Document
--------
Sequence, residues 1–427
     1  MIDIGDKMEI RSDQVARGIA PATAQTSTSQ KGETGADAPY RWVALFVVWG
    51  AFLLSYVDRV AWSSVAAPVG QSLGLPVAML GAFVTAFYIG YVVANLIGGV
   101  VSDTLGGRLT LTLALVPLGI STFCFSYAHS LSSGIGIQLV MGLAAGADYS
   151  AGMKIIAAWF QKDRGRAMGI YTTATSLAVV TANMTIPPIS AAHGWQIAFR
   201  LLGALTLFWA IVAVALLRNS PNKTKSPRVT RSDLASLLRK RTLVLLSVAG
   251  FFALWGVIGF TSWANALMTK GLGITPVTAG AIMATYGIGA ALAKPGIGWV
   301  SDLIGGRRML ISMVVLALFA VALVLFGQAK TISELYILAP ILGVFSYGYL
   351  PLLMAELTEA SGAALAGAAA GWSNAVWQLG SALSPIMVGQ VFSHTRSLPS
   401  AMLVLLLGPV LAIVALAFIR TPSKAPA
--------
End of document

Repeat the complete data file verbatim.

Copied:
Sequence, residues 1–427
     1  MIDIGDKMEI RSDQVARGIA PATAQTSTSQ KGETGADAPY RWVALFVVWG
    51  AFLLSYVDRV AWSSVAAPVG QSLGLPVAML GAFVTAFYIG YVVANLIGGV
   101  VSDTLGGRLT LTLALVPLGI STFCFSYAHS LSSGIGIQLV MGLAAGADYS
   151  AGMKIIAAWF QKDRGRAMGI YTTATSLAVV TANMTIPPIS AAHGWQIAFR
   201  LLGALTLFWA IVAVALLRNS PNKTKSPRVT RSDLASLLRK RTLVLLSVAG
   251  FFALWGVIGF TSWANALMTK GLGITPVTAG AIMATYGIGA ALAKPGIGWV
   301  SDLIGGRRML ISMVVLALFA VALVLFGQAK TISELYILAP ILGVFSYGYL
   351  PLLMAELTEA SGAALAGAAA GWSNAVWQLG SALSPIMVGQ VFSHTRSLPS
   401  AMLVLLLGPV LAIVALAFIR TPSKAPA